I don't plan on stopping; I don't play this music because it makes me rich, I play it because it's what I do. I'm not going to stop doing what I do.

Georgetown Fats - Kudos Sir, not only for your conviction to music, but for also understanding that sometimes a man needs to step up and put his family first.

Georgetown Fats - It is one of my favorite questions I have recycled over and over again, but what will be a a part of your backstage rider when you have made the cross-over from gifted blues musician to “eccentric artist?”

Barrett - Miniature bread and This is Spinal Tap.

Georgetown Fats - The Long Fall dropped last month and you have been filling your time with CD releases and sales. Do you have any updates on how you will be supporting this gem for the fall and winter of 2013/2014?

Barrett - The Long Fall has been an amazing project for me and I am thrilled for people to hear it. Ron Levy, Per Hanson, and I have been playing together since 2010 and The Long Fall really captures what we do. I worked hard on the material, and I'm very proud of it.

I've been busy promoting it, sending it out to DJ's and record labels. I'm keeping busy and will be playing as much as possible. The upcoming shows will be posted on, as well as other news, videos, blog, etc. Also, I'm looking for a new publicity agent if anyone has any tips ...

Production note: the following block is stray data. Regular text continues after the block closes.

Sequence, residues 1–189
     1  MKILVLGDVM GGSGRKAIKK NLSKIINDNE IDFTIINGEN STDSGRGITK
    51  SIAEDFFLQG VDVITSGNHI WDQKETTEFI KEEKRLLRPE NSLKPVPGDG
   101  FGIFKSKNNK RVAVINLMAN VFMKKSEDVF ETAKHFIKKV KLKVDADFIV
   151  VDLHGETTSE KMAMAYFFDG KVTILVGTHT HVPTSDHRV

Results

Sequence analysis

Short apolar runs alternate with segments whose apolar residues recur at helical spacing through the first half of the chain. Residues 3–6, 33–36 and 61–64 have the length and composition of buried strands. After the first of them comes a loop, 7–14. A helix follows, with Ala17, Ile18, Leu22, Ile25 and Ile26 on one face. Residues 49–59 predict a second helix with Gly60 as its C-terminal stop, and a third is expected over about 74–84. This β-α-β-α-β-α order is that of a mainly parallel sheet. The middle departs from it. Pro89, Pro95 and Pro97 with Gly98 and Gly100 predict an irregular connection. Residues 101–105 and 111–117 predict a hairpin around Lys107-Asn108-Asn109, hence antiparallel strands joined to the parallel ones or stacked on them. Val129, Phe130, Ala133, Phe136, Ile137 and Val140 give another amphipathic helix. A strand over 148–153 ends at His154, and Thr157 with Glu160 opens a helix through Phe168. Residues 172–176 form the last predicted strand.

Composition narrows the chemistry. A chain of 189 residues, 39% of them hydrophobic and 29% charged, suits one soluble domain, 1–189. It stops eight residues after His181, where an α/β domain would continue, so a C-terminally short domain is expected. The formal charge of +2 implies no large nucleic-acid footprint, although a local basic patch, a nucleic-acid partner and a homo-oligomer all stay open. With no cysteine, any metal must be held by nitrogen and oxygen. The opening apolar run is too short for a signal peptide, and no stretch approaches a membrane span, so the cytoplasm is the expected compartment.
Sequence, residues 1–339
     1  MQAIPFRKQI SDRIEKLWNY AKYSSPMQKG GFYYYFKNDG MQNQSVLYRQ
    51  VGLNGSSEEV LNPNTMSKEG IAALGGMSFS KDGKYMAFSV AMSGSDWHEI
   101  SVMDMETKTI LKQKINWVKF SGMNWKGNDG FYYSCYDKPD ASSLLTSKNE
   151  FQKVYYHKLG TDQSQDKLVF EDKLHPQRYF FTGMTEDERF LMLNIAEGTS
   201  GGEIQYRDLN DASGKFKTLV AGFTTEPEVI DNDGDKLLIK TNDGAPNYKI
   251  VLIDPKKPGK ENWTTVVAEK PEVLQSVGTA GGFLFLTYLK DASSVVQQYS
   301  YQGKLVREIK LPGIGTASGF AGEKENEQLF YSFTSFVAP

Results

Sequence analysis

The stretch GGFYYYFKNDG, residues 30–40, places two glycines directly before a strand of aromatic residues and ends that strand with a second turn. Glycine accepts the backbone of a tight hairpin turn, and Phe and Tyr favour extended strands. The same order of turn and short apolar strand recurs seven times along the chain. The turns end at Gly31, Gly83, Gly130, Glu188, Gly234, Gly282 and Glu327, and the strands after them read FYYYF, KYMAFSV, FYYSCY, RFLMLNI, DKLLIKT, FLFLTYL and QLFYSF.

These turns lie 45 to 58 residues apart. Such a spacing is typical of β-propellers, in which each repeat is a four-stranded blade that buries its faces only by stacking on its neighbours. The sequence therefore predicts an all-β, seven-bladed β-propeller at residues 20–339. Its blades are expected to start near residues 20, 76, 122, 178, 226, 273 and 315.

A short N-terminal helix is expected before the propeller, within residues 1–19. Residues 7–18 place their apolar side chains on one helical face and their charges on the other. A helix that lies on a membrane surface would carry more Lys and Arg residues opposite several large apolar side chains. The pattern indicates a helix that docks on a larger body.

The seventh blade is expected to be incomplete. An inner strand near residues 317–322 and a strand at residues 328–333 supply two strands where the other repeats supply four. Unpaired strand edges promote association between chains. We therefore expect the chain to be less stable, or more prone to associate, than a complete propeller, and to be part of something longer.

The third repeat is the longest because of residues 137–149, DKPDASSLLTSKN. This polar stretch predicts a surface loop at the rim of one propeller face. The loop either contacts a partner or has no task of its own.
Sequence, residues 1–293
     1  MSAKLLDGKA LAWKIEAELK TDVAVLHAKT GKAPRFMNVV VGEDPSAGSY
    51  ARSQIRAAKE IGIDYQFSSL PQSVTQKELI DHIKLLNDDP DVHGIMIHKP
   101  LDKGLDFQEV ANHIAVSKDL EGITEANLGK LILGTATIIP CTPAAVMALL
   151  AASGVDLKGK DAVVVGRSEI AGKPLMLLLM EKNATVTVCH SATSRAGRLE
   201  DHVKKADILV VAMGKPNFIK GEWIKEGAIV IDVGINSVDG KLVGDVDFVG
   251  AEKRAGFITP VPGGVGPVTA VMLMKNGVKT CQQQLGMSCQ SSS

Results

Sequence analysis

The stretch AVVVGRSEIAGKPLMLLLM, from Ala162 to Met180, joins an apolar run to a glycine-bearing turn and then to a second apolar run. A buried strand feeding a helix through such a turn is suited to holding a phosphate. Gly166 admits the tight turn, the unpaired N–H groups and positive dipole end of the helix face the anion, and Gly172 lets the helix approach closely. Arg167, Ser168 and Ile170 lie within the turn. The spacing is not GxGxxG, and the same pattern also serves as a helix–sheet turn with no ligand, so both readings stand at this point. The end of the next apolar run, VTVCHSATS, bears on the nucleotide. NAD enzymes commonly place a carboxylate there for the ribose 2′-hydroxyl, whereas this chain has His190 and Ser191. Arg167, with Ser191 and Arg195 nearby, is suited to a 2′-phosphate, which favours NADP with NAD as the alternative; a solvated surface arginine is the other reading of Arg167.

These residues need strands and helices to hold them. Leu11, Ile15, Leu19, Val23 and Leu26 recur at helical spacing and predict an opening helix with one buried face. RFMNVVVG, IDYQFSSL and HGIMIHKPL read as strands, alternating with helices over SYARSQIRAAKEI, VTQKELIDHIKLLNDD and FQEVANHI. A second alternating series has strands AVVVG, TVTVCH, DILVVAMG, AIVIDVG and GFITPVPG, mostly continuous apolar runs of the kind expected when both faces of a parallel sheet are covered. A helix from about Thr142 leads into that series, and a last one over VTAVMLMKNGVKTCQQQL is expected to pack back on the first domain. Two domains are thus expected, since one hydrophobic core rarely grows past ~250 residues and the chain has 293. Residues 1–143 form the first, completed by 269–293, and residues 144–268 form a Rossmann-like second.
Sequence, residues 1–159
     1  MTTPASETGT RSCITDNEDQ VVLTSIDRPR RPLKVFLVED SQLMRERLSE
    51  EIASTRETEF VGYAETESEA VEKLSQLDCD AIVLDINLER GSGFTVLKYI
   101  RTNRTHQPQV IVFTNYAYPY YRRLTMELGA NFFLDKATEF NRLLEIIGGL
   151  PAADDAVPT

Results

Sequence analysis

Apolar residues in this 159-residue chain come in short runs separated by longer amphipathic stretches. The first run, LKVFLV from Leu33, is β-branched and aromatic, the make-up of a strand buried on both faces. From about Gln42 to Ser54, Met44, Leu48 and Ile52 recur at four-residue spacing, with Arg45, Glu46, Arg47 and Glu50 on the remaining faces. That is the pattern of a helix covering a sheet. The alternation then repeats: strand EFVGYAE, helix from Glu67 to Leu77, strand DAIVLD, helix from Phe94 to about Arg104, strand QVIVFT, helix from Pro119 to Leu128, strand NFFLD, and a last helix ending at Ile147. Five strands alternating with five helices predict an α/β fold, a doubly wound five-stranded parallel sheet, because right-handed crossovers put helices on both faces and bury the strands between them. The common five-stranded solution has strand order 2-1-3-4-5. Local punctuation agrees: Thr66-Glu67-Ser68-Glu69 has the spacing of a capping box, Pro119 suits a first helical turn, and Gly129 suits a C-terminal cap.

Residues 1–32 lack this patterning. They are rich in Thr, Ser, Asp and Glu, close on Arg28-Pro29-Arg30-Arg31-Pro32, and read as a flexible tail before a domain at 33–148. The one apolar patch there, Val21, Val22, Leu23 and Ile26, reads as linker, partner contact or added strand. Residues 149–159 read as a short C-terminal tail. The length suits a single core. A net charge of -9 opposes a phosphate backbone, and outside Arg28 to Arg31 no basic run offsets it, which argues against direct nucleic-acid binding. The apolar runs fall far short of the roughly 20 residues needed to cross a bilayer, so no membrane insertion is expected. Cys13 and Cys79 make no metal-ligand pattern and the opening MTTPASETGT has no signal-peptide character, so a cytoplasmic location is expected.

Georgetown Fats - If I boosted your CD collection what artist or band would I be surprised NOT to find in there?

Barrett - Led Zeppelin.

Georgetown Fats - *mental high five for just so many reasons*

Georgetown Fats - Did you have to look up the definition of “twerking” after the MTV Video Music Awards like I did, or were you secretly ashamed at just what becomes news today?

Barrett - I had to and I still have to, although after watching the video I *think* I have an idea … I am surprised and confused by what becomes news today but must admit, I'm impressed by how Miley seems to be working the media system. She's sure gotten a lot of coverage for not a lot of coverage ...